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Advices (sic) from Spitzbergen, via Tromsoe, on the island of the same name, off Norway, are to the effect that what may be termed the most remarkable and daring of all North pole expeditions has actually begun. After costly preparations and spending two months within the acrtic (sic) circle, waiting for a favorable wind, M. Andree and his companions are at last off in the balloon of special construction, which it is hoped will carry them to the magnetic centre of the earth and back to a part of the globe less difficult of access. The ascent, the dispatch informs us, was accomplished a week ago, and unless the plan of the intrepid originator of the sensational enterprise miscarries he is by this time somewhere on the North American continent or in Siberia. He calculated that with a fairly good breeze the aerial journey to the pole could be accomplished in forty-three hours, or something less than two days. Allowing a day or two for a landing and brief observations, and another forty-three hours for the return, the journey would consume only about six days. But of course the possibilities of such an expedition are unlimited. Any one of innumerable things may happen. Although the equipment contained among other articles anchors by means of which it was hoped to modify the course of the air ship the latter may have been blown in a direction not contemplated and not passed over the pole at all. Then again an accident might occur and compel a premature landing, leaving the courageous explorer to push along by boat and sledge over the dreary waste. As far as practicable, unforseen exigencies have been provided for.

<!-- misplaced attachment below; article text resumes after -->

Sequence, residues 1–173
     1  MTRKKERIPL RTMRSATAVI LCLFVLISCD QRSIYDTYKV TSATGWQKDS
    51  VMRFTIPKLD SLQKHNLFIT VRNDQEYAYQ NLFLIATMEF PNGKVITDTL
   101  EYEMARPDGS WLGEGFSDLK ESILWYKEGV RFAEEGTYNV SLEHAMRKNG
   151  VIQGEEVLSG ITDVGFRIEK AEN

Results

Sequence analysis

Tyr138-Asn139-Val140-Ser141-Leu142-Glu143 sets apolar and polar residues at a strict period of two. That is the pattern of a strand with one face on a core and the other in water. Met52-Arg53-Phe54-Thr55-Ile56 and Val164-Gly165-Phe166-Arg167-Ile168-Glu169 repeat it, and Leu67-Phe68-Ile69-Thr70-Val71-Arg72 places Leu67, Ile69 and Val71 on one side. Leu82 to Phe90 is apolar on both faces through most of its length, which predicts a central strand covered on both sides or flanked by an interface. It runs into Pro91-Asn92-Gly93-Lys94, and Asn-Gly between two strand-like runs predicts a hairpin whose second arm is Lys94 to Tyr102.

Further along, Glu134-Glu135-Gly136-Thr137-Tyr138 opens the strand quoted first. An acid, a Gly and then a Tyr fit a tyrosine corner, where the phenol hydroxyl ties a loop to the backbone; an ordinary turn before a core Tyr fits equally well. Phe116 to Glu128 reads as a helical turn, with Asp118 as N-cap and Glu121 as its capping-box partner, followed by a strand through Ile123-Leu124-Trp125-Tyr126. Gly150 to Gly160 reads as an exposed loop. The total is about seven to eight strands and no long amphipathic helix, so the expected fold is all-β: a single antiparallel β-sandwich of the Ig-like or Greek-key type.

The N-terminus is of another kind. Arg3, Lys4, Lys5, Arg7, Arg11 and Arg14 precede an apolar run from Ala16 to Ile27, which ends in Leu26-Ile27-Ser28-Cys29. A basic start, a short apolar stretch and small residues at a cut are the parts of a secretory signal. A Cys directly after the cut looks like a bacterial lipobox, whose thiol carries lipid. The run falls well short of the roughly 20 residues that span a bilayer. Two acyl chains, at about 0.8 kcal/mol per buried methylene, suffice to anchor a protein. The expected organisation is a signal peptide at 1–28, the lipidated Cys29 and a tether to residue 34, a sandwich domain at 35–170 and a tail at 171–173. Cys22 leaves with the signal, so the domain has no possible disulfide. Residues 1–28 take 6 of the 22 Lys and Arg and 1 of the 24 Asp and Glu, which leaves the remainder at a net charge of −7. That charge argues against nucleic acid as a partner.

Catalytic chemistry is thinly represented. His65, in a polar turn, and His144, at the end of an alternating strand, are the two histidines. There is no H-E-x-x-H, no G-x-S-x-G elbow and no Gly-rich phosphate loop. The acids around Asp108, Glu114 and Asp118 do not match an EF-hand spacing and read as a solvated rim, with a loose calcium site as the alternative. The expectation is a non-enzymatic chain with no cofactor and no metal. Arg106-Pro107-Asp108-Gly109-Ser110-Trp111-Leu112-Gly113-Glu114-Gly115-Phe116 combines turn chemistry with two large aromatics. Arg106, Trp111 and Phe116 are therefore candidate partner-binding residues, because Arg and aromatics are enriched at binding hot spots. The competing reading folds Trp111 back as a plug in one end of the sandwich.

Thus the balloon, which is specially constructed and capable of carrying three persons, instruments, and provisions for three month was also ballasted with a boat convertible into a sledge. Gas under pressure in cylinders sufficient to keep the balloon aloft for thirty days was taken. The party proceeded by boat to Dane Island from whence the ascent was made If M. Andree, who is examiner in Chief of the Royal Patent Office in Stockholm, Sweden, succeeds in his purpose his fame will be assured. Even though he were unable to pursue extensive observations the novelty of the scheme, the manifold risks and dangers and the fact of having reached the pole would atone for its short comings. There is about it something fantastic that fascinates. Neither Nansen nor Lieutenant Peary nor Jackson appeals so forcibly to popular curiosity or interest, although their contributions to science may be greater. The story which M. Andree will have to tell if he comes back alive will equal in marvelousness the highest flights of fancy.

Reproduced with permission: L.L. Dyche, Explorations (Newspaper Clippings Related to Polar Exploration), Vol. 1 & 2. University Archives, Spencer Research Library, University of Kansas Libraries, Lawrence, KS.


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Original Source:

Hazelton Sentinel, Hazelton, PA. July 21, 1897

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Jennifer Holvoet, Ph.D.
University of Kansas

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